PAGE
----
DALLAS (AP) — The San Diego Padres found their new closer, acquiring Huston Street from the Colorado Rockies in a trade between NL West teams.
Colorado gets a player to be named and cash in the deal.
San Diego announced the move Wednesday at baseball’s winter meetings, where two days earlier former Padres closer Heath Bell was introduced by the Miami Marlins after they signed the three-time All-Star to a $27 million, three-year contract.
The 28-year-old Street, who had 29 saves in 33 chances for Colorado in 2011, now gets to call pitcher-friendly Petco Park home after three seasons at Coors Field.
“It won’t be tough at all,” Street said about changing home parks. “Everybody likes pitching at sea level better than pitching at 5,000 feet. I don’t believe in making excuses. That being said, you can get the same results either place, but obviously Petco Park is known as a pitcher’s park. That’s someplace I’m excited to pitch in.”
Street was 1-4 with a 3.86 ERA in 62 games this year in Colorado, where he said he loved his time and was treated first-class. The right-hander has 178 saves in seven seasons with Colorado and the Oakland Athletics.
“We’re happy how it ended up. He’s a very proven closer. He’s done it in this division, he’s had three good years in Colorado, which is a very hard place to pitch,” new Padres general manager Josh Byrnes said. “We’re glad to have him.”
Street is due $7.5 million next season, $500,000 of which the Rockies will pay. His contract also includes a $9 million player option for 2013 that includes a $500,000 club buyout that Colorado would pay as well.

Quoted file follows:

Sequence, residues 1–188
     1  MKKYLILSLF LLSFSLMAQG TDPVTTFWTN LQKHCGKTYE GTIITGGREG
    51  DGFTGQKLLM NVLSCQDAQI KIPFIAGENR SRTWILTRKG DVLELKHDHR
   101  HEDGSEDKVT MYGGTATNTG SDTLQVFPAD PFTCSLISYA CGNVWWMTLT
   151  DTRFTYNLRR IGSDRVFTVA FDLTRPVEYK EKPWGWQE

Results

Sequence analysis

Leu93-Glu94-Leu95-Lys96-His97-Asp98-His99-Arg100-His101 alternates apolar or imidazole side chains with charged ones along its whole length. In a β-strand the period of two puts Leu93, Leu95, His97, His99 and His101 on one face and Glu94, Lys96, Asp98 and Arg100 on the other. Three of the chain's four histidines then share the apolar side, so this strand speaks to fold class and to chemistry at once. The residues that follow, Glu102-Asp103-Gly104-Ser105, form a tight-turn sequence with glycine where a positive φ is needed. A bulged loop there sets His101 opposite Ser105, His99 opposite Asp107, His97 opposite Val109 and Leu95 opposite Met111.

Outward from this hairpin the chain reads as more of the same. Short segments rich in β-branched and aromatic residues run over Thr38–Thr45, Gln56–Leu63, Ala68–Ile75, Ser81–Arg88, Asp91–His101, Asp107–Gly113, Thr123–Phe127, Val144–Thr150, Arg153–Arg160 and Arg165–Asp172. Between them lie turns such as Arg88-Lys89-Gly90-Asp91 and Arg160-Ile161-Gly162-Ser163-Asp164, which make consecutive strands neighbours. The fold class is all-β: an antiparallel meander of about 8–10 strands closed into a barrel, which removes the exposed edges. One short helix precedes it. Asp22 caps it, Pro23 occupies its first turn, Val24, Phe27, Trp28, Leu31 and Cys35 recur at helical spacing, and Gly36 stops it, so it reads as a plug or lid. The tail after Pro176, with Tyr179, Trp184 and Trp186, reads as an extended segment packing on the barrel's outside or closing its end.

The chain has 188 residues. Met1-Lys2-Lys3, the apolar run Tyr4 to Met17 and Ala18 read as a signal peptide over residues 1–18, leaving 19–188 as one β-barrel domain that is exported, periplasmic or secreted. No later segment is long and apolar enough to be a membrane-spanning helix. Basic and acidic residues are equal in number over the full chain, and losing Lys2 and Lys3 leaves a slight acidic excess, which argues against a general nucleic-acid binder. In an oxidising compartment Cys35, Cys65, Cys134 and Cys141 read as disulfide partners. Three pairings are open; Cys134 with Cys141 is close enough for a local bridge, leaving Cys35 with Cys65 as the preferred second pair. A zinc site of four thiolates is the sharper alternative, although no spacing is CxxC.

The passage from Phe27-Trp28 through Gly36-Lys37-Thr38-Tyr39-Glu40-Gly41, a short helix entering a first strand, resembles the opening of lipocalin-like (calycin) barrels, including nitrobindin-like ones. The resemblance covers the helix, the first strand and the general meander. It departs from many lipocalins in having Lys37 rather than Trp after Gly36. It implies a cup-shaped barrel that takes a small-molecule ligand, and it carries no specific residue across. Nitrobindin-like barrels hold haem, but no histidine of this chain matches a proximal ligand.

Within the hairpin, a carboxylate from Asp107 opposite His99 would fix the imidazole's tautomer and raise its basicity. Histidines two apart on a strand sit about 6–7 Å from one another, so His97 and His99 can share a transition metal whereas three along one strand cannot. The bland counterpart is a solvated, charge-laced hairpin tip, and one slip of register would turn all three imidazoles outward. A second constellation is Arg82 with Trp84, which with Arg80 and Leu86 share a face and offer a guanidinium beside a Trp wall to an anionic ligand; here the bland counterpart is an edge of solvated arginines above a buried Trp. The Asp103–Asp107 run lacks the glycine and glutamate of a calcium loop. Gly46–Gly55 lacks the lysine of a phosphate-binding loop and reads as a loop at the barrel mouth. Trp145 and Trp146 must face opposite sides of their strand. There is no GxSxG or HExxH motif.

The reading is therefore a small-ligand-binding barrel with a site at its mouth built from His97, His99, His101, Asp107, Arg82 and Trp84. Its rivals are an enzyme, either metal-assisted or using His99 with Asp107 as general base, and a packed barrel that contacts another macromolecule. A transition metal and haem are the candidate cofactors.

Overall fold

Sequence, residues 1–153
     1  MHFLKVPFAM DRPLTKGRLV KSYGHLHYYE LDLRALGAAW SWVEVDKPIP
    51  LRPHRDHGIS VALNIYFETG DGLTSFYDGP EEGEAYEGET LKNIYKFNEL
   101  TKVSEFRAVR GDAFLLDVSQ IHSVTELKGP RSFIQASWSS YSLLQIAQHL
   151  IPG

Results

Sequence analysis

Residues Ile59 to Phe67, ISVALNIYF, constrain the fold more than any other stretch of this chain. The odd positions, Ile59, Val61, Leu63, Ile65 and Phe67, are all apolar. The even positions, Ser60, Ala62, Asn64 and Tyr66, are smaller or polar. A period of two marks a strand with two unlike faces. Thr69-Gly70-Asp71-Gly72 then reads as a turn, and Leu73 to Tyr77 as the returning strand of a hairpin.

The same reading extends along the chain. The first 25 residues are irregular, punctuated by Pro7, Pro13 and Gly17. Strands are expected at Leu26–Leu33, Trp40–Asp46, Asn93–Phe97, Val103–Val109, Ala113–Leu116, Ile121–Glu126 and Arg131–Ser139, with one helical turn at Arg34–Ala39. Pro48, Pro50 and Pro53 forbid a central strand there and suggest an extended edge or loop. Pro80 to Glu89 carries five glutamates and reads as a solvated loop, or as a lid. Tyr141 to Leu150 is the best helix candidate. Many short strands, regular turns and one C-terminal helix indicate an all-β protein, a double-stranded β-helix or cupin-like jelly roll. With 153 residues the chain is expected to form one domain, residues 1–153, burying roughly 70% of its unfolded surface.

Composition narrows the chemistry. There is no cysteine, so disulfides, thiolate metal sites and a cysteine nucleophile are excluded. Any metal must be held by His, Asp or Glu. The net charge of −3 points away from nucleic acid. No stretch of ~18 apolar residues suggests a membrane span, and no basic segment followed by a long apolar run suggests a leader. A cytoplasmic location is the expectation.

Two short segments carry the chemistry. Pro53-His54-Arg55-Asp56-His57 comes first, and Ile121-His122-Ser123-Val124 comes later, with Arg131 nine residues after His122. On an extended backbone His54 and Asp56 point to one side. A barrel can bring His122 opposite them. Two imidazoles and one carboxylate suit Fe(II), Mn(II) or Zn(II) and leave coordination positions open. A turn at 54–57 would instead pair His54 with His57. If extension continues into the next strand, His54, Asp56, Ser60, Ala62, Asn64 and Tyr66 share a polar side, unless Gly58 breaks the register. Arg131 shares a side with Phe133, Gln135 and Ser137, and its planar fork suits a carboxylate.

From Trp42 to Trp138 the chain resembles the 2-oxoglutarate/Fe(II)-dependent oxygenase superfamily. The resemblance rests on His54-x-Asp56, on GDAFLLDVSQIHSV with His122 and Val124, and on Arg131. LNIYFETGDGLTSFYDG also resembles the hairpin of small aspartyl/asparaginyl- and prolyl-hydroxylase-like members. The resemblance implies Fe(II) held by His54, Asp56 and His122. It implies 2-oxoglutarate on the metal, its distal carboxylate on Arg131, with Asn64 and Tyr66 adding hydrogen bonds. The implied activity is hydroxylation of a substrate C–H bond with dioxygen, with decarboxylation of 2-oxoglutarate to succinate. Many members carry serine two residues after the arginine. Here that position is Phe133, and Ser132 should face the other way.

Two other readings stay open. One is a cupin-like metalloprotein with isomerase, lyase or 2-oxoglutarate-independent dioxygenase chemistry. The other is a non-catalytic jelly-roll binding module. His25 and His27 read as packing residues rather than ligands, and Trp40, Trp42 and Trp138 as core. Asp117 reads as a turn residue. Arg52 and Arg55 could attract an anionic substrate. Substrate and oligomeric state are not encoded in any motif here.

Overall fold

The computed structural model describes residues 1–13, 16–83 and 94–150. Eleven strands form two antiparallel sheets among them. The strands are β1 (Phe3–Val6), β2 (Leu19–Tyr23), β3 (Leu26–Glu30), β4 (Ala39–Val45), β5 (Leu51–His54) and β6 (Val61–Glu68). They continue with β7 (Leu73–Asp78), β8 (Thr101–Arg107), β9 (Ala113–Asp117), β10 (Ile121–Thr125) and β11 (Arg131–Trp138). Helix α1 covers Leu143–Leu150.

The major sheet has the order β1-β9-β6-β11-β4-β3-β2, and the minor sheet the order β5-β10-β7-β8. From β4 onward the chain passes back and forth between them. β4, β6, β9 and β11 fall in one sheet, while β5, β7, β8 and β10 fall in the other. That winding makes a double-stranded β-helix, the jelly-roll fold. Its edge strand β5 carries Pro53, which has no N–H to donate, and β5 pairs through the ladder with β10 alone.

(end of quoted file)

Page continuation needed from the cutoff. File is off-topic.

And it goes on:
Street was the second closer to get traded this week. The Chicago White Sox sent Sergio Santos to Toronto on Tuesday.
The New York Mets reached a deal Tuesday with Frank Francisco to be their likely closer.
Bell, who had more than 40 saves in each of the last three seasons in San Diego, converted 43 of 48 save chances with a 2.44 ERA this year.
Though San Diego had offered salary arbitration to Bell, Byrnes stayed in contact with his former boss, Colorado GM Dan O’Dowd, about a possible deal.
“It’s been going on at least a month,” said Byrnes, who was hired to be O’Dowd’s assistant in Colorado in 1999 and held that role for two years. “We were able to stay in touch about this idea and ultimately get it done.”
Street said he didn’t really know about the possibility of going to San Diego until getting a text from a friend Wednesday morning and later a call from O’Dowd.
Street has a 4.11 ERA in 97 career games at Coors Field. He hasn’t allowed an earned run in his 11 appearances at Petco Park, where he has 17 strikeouts and three walks while opposing batters hit only .132 against him in 11 1-3 innings.
“For whatever reason, I’ve always felt like I’ve had good stuff when I’ve been there, or pitched well when I got there,” Street said. “I’m real excited to pitch there. Pitching at sea level is going to be big help. … I love being at sea level. My body feels great.”
Once Bell made his move this week, the Padres sped up the process to fill the void. There were other trade talks and discussions with free agents in Dallas before finalizing the deal with the Rockies.
“Even a week or two ago, we thought we might have to wait and see,” Byrnes said. “Heath signed. These meetings prompt activity. We were in the middle of that. In the sense of timing, it was time to go.”
Street was on the 15-day disabled list in August with a strained right triceps, but returned to pitch nine games with a 2.45 ERA the rest of the season. He had right shoulder inflammation in 2010.
Byrnes said Street finished last season healthy and that the Padres were comfortable after reviewing the closer’s medical report.
“Heath was very durable. That’s part of being a closer,” Byrnes said. “Huston’s been durable, but we wouldn’t have gone for it if we weren’t comfortable on that (medical) side.”
Street allowed a career-high 10 homers this year, but had a career-low nine walks. His 6.11 strikeout-to-walk ratio was the best in his seven major league seasons.
– By Stephen Hawkins, AP Sports Writer
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